The oldest Christian document since the New Testament, explicitly avowing the doctrine of universal restoration, is the "Sibylline Oracles."1 Different portions of this composition were written at different dates, from 181 B.C. to 267 A.D. The portion expressing universal salvation was written by an Alexandrine Christian, about A.D. 80, and the "Oracles" were in general circulation from A.D. 100 onward, and are referred to with great consideration for many centuries subsequently.
After describing the destruction of the world, which Sibyl prophesies, and the consignments of the wicked to aionion torment, such as our Lord teaches in Matt. 25:46, the blessed inhabitants of heaven are represented as being made wretched by the thought of the sufferings of the lost, and as beseeching God with united voice to release them. God consents to their request, and delivers them from their torment and bestows happiness upon them. The "Oracles" declare: "The omnipotent, incorruptible God shall confer another favor on his worshipers, when they shall ask him. He shall save mankind from the pernicious fire and immortal (athanaton) agonies. Having gathered them and safely secured them from the unwearied flame, he shall send them, for his people's sake, into another and æonian life with the immortals on the Elysian plain, where flow perpetually the long dark waves of the deep sea of Acheron." 2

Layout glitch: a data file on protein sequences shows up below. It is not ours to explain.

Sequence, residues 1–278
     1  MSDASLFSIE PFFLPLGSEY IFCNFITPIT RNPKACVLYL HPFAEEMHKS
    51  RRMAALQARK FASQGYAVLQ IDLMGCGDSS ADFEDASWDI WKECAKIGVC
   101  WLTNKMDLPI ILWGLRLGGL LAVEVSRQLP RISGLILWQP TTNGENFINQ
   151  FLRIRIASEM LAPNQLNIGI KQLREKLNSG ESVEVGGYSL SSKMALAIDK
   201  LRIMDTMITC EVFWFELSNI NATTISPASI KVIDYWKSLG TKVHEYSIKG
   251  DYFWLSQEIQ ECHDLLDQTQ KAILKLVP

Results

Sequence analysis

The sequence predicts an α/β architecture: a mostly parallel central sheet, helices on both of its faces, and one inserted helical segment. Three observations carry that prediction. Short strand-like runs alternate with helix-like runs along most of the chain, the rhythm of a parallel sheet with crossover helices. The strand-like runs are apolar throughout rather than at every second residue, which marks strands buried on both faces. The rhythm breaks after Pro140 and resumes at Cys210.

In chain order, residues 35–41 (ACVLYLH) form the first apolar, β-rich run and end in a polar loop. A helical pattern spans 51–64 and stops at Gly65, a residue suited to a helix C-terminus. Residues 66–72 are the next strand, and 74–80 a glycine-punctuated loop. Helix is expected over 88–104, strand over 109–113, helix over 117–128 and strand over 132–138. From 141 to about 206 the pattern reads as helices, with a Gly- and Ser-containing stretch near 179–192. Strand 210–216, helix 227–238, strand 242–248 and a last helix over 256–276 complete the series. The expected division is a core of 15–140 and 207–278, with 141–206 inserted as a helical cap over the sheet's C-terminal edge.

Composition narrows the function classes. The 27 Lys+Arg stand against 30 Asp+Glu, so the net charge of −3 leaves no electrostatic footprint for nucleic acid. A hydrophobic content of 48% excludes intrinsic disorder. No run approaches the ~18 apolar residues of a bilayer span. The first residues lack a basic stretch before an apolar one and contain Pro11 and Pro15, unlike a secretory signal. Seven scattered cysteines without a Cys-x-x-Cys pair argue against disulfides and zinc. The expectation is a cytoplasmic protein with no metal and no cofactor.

The punishments of the wicked are here described in the strongest possible terms; they are "eternal," (aionion), "immortal" (athanaton), and yet it is declared that at the request of the righteous, God will deliver them from those torments.
The Sibyl anticipates the poet Whittier:
Holmes expresses the same sentiment:
"Still thy love, O Christ arisen,
Yearns to reach those souls in prison;
Through all depths of sin and loss
Drops the plummet of thy cross;
Never yet abyss was found
Deeper than that cross could sound;
Deep below as high above
Sweeps the circle of God's love."
This famous document was quoted by Athenagoras, Theophilus, Justin Martyr, Lactantius, Clement of Alexandria, Origen, Eusebius, and Augustine. Clement calls the author "the prophetess."
"What if (a) spirit redeemed, amid the host
Of chanting angels, in some transient lull
Of the eternal anthem heard the cry
Of its lost darling.
Would it not long to leave the bliss of heaven
Bearing a little water in its hand,
To moisten those poor lips that plead in vain
With him we call Our Father?"
As late as the Middle Ages the "Oracles" was well known, and its author was ranked with David. When Thomas of Celano composed the great Hymn of the Judgment, he said:
"the dreadful day of wrath shall dissolve the world into ashes, as David and the Sibyl testify."
"Dies Iræ, dies illa,
Solvet saeclum in favilla,
Teste David cum Sibylla,"--
The best scholars concede the Universalism of the "Oracles." Says Musardus,3 the "Oracles" teach "that the damned shall be liberated after they shall have endured infernal punishments for many ages, which was an error of Origen." And Opsopoeus adds 4 "that the 'Oracles' teach that the wicked suffering in hell (Gehenna) after a certain period, and through atonements of griefs, would be released from punishments, which was the opinion of Origen," etc. Hades, and all things and persons are cast into unquenchable fire for purification; that is, the fire is unquenchable until it has accomplished its purpose of purification. Gehenna itself, as Origen afterwards insisted, purifies and surrenders its prisoners. The wicked are to suffer "immortal" agonies and then be saved.